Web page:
You have a terrible manager somewhere. Act accordingly.

  • Yes. True, Manager and Management is terrible. We have raised PR since I month ago and now they are reviewing and gives comments in mail.but not over code. Which is also annoying too. – diEcho Jan 20 at 6:33
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    @diEcho work furiously on that resume. – Matthew Gaiser Jan 20 at 7:12
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So you (plural you) have finished a project, and this is the point where it is reviewed? Well, whoever planned it has made a giant blunder. Reviews should happen whenever you have done about a day's worth of work, not when your whole team finished a project.

Let's look at it from the company's point of view: They have the choice of accepting it as it is, or accepting it with a small amount of necessary fixes, or follow the reviewer who says the logic is unacceptable and spend months on ripping it all out and rewriting it. Guess what the company will go for. Will they delay the project for months and pay your team for months to fix things? I DON'T THINK SO. You mentioned "tight deadlines". The tight deadlines will obviously not be met if management listens to the reviewer.

Now if your project doesn't work (doesn't pass QA), that's something else, but if it works, this senior reviewer will have some hard time convincing management that months of extra work is needed.

That said, as a senior developer I have my favourite ways of doing things, and I would like you to do things the way I prefer them, but I'm adult enough to know that there are other ways that are fine as well. Maybe second best, or third best, but the third best way to do something is usually good enough. And I wouldn't tell you to change things because they are not done the way I prefer, but only if things are objectively bad.

Go to the meeting with an open mind. Stay calm all the time. Maybe some camomile tea before the meeting starts, but not too much. There's a rule: The one who shouts is wrong, so don't shout. If the reviewer turns out to be right, admit that he's right. If he is not right, state what you think calmly. You can say that you don't agree that your logic is wrong, or that you absolutely don't agree that your logic is wrong. Calmly, without shouting, that's important. If you shout then people think you disagree because you can't look at your own work objectively and can't stand being proven wrong. If you say it calmly without shouting, they'll think you disagree because you are right. You can also say you don't agree his approach is better, or that it is definitely not enough better to justify lots of work.

At some point some decision has to be made. If it's up to the reviewer to decide, then you write down what that decision will cost the company, that you don't agree with the decision and why, and how much it will cost if you don't go with that decision, and you give that to someone whose budget is affected by a lengthy delay.

You need to do that before work starts. So if complaints come in after three months about the delay (when the manager whose responsibility it all is gets pressure about the delay), you can point out that your team told the manager that all this wasn't needed, and you are not stuck with the blame.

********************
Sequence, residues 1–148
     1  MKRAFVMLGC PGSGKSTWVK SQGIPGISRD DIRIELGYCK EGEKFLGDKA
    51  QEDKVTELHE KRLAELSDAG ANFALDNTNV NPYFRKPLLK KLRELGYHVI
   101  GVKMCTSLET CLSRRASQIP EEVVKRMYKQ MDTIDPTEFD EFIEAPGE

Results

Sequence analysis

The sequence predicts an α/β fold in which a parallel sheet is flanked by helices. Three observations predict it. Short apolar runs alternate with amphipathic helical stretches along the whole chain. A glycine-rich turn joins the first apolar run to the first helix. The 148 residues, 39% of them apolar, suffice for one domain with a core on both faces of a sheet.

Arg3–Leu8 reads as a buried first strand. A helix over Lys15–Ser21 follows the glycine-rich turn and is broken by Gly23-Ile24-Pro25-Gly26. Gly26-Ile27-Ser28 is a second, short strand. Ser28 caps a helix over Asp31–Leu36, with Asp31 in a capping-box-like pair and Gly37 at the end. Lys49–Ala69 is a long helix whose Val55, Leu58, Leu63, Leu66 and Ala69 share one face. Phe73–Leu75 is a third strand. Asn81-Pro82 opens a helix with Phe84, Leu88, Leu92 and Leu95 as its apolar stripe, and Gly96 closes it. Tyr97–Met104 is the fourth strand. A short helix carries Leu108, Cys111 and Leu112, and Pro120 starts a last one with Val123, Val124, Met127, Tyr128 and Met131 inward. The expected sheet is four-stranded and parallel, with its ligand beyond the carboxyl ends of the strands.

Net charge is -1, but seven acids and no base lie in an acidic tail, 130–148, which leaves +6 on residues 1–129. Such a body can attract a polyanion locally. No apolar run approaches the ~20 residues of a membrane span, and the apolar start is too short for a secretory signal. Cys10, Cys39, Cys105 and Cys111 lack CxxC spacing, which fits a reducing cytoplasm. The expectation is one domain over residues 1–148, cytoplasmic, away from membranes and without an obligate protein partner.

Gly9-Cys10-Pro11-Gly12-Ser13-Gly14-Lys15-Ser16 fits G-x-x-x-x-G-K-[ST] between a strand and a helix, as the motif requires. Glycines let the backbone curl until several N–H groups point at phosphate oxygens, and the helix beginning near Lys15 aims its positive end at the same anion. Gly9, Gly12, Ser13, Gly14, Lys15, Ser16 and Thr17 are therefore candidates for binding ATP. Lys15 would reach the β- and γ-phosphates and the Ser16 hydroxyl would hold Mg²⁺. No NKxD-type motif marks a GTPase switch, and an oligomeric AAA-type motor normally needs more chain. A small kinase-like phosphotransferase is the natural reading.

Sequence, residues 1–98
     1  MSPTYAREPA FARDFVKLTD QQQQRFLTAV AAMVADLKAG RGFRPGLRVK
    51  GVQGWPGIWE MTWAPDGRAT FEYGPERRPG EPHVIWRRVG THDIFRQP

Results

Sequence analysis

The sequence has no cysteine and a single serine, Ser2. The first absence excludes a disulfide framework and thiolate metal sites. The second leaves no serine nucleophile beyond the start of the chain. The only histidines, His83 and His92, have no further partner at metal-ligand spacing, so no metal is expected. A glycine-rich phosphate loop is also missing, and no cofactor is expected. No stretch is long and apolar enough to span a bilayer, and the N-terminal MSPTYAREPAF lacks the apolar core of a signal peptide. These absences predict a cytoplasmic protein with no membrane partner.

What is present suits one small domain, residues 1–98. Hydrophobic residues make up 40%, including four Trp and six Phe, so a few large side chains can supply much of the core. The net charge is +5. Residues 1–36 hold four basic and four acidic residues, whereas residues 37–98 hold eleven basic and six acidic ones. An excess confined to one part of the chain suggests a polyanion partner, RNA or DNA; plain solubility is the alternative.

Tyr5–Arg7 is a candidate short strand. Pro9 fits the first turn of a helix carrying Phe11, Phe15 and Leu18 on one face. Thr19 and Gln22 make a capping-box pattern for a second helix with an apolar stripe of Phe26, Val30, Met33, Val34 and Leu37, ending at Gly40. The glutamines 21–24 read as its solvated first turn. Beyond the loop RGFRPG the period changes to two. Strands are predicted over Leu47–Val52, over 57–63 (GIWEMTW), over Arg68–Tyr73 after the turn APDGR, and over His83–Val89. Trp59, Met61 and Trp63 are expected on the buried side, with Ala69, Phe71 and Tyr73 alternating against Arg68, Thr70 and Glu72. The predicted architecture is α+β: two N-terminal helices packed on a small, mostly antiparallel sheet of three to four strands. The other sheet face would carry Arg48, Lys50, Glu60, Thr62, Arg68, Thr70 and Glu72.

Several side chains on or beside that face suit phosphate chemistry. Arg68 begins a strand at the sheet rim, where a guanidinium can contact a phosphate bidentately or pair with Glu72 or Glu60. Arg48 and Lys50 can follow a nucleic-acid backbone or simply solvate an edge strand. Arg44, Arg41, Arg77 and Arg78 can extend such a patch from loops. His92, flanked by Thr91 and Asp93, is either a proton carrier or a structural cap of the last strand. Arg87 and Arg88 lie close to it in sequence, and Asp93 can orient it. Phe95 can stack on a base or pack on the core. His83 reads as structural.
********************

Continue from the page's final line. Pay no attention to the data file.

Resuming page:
• Thank you for valuable suggestions. Yes Project is being passed with zero defect by QA and if it is being delayed then project budget will be impacted ( as I was told by my line manager) . Problem here is my Line.manager is non technical and he belive what the CR team said without any other thoughts. I have to fight for our team and for myself and will keep things calmly. Thanks agaib – diEcho Jan 19 at 14:49
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Receiving a terse critique can be quite off-putting and alarming. The quality of the code and quality of the communications are issues that should be addressed separately.

I suggest to first, be professional and patient in the review discussion - avoid reacting defensively to the criticisms of the reviewer, rather thank him/her for the input and resolve to make changes that will enable the project to pass review.

Second, after the review is complete, you should consider offering feedback to the reviewer about his/her communication. It is important that the reviewer hears how his/her choice of words and medium impacted you. Some keys to offering productive and professional feedback are:

  1. Always provide feedback in person, or over the phone - never over email, text, or indirectly through another person.
  2. Be direct about your intentions in the conversation - don't veil feedback or initiate a conversation with false pretenses.
  3. Share your factual observations - e.g., "Your review included a brief note only saying _______."
  4. Share how the actions you observed impacted you personally - e.g. "I felt like ____."
  5. Invite a reflection - e.g., "Thank you for letting me share that, what do you think of the that observation?"
  6. Resolve to do better, together. e.g., "In the future, could you call me to discuss your critique? I'd like the opportunity to learn through questions and discussion."

I hope both the review discussion and your follow-up with the reviewer are productive and helpful discussions for you.